Stephen Curry, Daniel MacPherson


Aussie actors Stephen Curry and Daniel MacPherson give the performances of their careers in “The Cup”, director Simon Wincer’s true-life tale of jockey Damien Oliver’s (Curry) rousing win of the Melbourne Cup a week after the tragic death of his jockey brother Jason (MacPherson). When Clint Morris caught up with the duo in Melbourne recently they were keen to talk up the film, which they’re as proud as punch to be associated with, but amusingly enough, just as keen to talk up decades old Kevin Smith comedies, “cock socks”, and the inappropriatness of cracking jokes at some film premieres.

Saw you on Rove’s new L.A-based show, Daniel. How was that? Good guests…

Daniel : I grew up with his… I grew up with his films. And my best mate… My best mate gave me a copy of Mallrats. I must have been about 15 and I didn’t tell Kevin, but my brother actually stole a copy of Mallrats from the local video store. I didn’t know he stole it. They kept sending me bills for it because it was overdue. And my brother said we hadn’t got it. We had a $250 letter, the most expensive copy of Mallrats ever.

You didn’t hear much about ”The Cup” on Rove’s show?

Daniel: Yeah, no, it turned out it was myself, Kevin, and Anna Faris and all films were released on the same day.

Stephen: Oh there you go.

There was definitely a mention I think of ”The Cup”. There was definitely a plug in there somewhere. There was some stuff about your sex scenes I think?

Daniel: Yes, yes. There was plenty of stuff about awkward sex scenes on the side.

You were discussing the old cock sock.

Daniel: Yeah.

Stephen : Oh really? Well the thing about the cock sock, the low of that, is… There aren’t many things uglier than a man’s package. No, and I don’t mean that in any way in the homophobic way. I mean visually. It’s not an impressive thing. If you whack a lolly bag on there, it somehow makes it worse. I’ve done nude scenes. In Changi, I had to be nude three days in a row, three days straight. Being nude and bashed half to death by a Japanese soldier and then kind of nursed back to health all naked and stuff. And this wardrobe girl after the first take of lying down… This is the first scene of me naked and I’m just lying down on the bed and I’m naked and the whole crew is seeing me naked whatever. This poor, she’s like an attachment, this poor wardrobe girl kind of came over after cut and she put this kind of a face-washer over my dick and [chuckle] I’m lying there going… I thought “bugger this” and I stood up and I said, “Ladies and gentlemen this is my penis. And if anyone has a problem with it I will cover it up. If everyone’s okay I’m just going to have it out for the next three days.” They all said, “Alright” and this poor girl comes up and kind of took a picture.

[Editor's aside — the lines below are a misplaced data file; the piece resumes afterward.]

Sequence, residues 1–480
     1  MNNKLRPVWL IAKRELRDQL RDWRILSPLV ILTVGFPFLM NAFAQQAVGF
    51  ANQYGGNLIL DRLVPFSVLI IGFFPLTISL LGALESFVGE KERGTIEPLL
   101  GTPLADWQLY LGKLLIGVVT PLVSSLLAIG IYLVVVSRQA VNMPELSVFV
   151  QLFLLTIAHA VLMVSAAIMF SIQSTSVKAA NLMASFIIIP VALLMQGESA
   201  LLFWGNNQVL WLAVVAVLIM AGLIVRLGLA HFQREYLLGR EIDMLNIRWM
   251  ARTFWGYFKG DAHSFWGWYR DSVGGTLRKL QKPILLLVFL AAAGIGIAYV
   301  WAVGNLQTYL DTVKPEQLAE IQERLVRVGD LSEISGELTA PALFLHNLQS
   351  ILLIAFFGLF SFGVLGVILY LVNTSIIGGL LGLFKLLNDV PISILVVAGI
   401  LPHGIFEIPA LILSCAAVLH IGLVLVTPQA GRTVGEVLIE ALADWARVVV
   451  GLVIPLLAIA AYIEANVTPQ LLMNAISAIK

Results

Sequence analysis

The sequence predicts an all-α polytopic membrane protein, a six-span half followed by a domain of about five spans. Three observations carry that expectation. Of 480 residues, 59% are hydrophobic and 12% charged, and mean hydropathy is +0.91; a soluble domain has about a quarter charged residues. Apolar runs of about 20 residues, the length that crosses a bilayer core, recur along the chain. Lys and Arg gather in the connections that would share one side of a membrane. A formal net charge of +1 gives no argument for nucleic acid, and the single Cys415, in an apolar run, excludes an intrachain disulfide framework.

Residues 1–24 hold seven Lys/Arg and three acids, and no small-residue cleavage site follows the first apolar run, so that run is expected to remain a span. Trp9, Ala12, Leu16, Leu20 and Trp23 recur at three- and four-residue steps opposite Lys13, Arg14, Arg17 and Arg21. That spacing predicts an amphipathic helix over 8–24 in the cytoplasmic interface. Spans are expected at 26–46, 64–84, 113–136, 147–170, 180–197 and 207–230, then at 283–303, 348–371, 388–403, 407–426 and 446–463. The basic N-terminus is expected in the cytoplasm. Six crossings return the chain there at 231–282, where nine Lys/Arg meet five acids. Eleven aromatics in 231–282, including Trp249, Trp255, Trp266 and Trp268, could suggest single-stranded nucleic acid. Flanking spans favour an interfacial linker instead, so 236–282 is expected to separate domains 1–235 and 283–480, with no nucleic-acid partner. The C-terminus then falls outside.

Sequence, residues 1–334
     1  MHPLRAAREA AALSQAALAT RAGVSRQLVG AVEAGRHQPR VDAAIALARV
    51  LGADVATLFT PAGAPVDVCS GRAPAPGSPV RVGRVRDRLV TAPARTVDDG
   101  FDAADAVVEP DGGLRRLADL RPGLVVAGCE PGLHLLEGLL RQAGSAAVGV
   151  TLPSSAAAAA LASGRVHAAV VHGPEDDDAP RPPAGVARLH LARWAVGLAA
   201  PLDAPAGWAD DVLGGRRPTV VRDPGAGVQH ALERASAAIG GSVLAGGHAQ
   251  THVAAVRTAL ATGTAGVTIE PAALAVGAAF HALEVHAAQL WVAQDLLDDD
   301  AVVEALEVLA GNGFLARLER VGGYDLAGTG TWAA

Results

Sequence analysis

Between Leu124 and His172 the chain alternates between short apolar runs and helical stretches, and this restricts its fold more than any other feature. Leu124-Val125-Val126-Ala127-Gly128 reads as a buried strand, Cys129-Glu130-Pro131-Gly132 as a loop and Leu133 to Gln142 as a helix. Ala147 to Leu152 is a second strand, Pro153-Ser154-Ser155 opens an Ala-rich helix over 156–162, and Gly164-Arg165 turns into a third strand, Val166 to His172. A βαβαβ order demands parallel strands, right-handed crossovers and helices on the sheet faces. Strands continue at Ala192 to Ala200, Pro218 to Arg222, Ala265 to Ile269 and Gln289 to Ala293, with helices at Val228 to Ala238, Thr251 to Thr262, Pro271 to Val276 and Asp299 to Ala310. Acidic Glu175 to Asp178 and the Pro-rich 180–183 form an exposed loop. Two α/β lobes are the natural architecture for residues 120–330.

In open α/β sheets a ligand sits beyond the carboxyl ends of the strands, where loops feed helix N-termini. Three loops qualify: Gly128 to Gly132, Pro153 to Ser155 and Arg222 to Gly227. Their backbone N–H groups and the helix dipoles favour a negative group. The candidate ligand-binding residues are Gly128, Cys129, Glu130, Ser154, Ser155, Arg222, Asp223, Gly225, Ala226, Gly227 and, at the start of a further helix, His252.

Daniel : My story is…In the Heat of Passion, the actress… She was a very good actress, just… It wasn’t happening with 10 crew staring at you next to bed. And I look down and there’s the cock sock…so I’m just whacking away….

Stephen : Whacking!?

Daniel : I think the word I used was “thwacking.”

Daniel : I’m going, “Oh fuck, what do I do? Back to the scene.

Stephen: Yeah.

Well let’s talk about ”The Cup”. People are going to come on the site and read this and wonder why the hell you guys are talking about sex for twenty minutes [Laughs]

Stephen: Yeah, right [Laughs]

So, onto the pressing stuff… the sex scene in ”The Cup” got cut?

Stephen : With Jodi Gordon playing Trish, It might have been good to rework the story lines.

Daniel: It just doesn’t work for a family film [Laughs]

Then let’s segue onto your trip to LA. Is ”The Cup” becoming a nice showreel for you?

Daniel: It certainly will be. Yeah. I’ve been using the trailer to show people over there. And it will… I think Simon [Wincer] was saying that this week in fact they are having screenings in America and I’m hoping to head back there on Wednesday and… So certainly to be billed next to Stephen Curry and the great Brendan Gleeson.

Stephen : My name. That’s going to help you over there [Laughs]

Daniel : But in all seriousness, “The Cup” is just shot so beautifully and lovingly and yeah, it’s just kind of…